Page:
Ian Marber, founder of The Food Doctor, is one of the leading nutrition consultants in the UK.
We’re fascinated by the link between healthy diet and healthy skin. To learn what steps we can all take, nutrition-wise, to support healthy and young-looking skin, we went to Ian Marber. Ian, who’s one of the leading nutritionists in the UK, is always full of clear and sensible advice as well as delicious recipes. We knew he’d have something insightful to share.
Ayla: When should we start looking towards nutrition as a way to keep our skin in the best shape possible?
IAN: Well, youth really is wasted on the young. Looking after your skin when you’re younger will have a significant effect on your skin by the time you’re in your fifties, but lots of young people will only change their diet when they need to lose weight or have major skin problems. The link between what you eat and the quality of your skin is not obvious until you’re older, so that’s when most people are motivated to make changes. Regardless of your age, there are many things you can do to support the health of your body and skin as you age.
Ayla: What are your top three recommendations to support healthy, young-looking skin?
• Hydration. While drinking water is important, we hydrate ourselves more effectively with food, which we tend to forget. If you drink a liter of water, for example, you go to bathroom soon afterwards and it seems like the entire liter has gone right through you. But if you eat watermelon (or any other fruits or vegetables), your digestive system processes it more slowly and your body can better absorb the water you’re taking in. Drinking water, you tend to not absorb as much of it.
• Essential fats: omega-3, omega-6, and omega-9. Many people just think about eating fish to get their essential fats, but butternut squash, for example, is also rich in omega-3s. A bowl of butternut squash soup with a drizzle of walnut oil is just as good as having fish.
• Antioxidants. When you’re looking for antioxidants in your diet, don’t just focus on vitamins A, C, and E. Carotenoids can be found in a number of fruits and vegetables, including tomatoes, dark leafy greens, and watermelon. We also hear quite a bit about the antioxidants found in cocoa, green tea, and red wine, which is not surprising, because we usually want to eat chocolate and drink red wine! But don’t forget about the antioxidants found in fruits and vegetables.
Ayla: What are the good-for-your-skin supplements you most often recommend that anyone could benefit from?
IAN: Supplements are like bottles of water – you might need them as well as, but not instead of, the right food. The best source of nutrients is the food that you eat, because those nutrients get broken down slowly and distributed properly in the body. That being said, I often recommend the following daily supplements:
1.) Take an essential fat with the right ratio of Omega 3-6-9. Inflammation is a big contributor to skin flare-ups, and essential fats will help. Ideally, you should have a ratio of two parts Omega 3, two parts Omega 6, and one part Omega 9. Of course, if you have a plate of brown rice with a nutty topping, fish, and some vegetables, then you’d get the right ratio.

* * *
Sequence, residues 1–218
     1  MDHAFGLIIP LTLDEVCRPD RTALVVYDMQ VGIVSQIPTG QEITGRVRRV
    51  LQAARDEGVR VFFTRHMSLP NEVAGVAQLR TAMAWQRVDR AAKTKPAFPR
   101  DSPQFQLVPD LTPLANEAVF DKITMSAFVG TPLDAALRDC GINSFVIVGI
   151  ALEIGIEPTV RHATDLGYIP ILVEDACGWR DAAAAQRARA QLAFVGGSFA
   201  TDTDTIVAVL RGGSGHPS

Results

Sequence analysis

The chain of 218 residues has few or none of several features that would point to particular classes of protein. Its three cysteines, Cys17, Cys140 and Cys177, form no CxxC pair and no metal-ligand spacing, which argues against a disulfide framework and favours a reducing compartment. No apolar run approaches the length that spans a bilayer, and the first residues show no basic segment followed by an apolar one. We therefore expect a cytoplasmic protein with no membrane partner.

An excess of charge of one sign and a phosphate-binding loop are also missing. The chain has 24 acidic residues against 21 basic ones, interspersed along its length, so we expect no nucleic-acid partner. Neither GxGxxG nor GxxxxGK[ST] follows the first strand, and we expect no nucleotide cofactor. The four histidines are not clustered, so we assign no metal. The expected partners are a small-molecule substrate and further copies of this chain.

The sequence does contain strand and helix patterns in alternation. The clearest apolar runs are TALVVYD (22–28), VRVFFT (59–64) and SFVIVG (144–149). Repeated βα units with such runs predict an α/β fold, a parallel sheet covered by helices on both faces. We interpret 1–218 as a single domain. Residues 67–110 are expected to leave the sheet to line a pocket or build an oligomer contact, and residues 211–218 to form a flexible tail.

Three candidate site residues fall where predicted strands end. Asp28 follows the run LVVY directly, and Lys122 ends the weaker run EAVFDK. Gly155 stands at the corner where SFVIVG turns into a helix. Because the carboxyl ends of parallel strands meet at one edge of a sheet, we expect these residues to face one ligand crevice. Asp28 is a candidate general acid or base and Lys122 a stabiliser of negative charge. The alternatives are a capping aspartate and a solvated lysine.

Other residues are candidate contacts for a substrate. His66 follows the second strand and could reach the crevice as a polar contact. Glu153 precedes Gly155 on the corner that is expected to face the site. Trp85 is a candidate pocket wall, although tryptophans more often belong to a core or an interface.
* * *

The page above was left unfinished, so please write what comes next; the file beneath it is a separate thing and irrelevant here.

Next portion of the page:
2.) Take a probiotic capsule with 8 million good bacteria. You get many wins by taking one probiotic capsule, because good bacteria have many roles. If your liver is overstressed, for instance, any excess toxins in the body are passed into the skin for elimination, which can lead to breakouts. Probiotics can improve your digestion and help with that. Good bacteria also promote the absorption of calcium, magnesium, iron, Vitamin K, and the B vitamins – all of which play a role in skincare.
Ayla: Can you share a recipe or two with us that would be helpful in supporting healthy skin?
IAN: Here are two of my favorites:
1.) Tomato-Rosemary Soup is rich in lycopene, a carotenoid.
2.) Squash & Feta Rosti is another great source of carotenoids and vitamin C:
2 tablespoons olive oil
1 onion finely chopped
2.5cm piece fresh ginger root, peeled and grated
325g butternut squash, deseeded and grated
100g feta cheese, crumbled
Thai 7 spice, to taste
Heat oil in a small non-stick frying pan, add onion cook until soft and golden. Add ginger and grated squash; stir fry for 3-4 minutes until softened.
Add feta and Thai 7 spice, mix well. Pat down mixture in pan and draw it in from the sides to make a cake. Leave over a medium high heat for 5 minutes to firm and brown the base. Put the pan under a hot grill for another 5 minutes to brown the top, then cut in half and serve.
About Ian Marber: Ian founded The Food Doctor Clinic and now practices independently in London, where he conducts one-to-one consultations with clients, advising on all aspects of nutrition and the effect food choices can have on physical health and well-being. He has published 12 books about diet and nutrition. Ian conducts seminars for global companies and has worked with Goldman Sachs, Google and Barclays.
Ian regularly contributes to a number of Britain’s leading magazines and newspapers including the Times, the Telegraph, Natural Health and NetDoctor. Ian is a columnist for the Spectator and Daily Telegraph. Learn more about Ian’s impressive background here.
Any topic discussed in this article is not intended as medical advice. If you have a medical concern, please check with your doctor.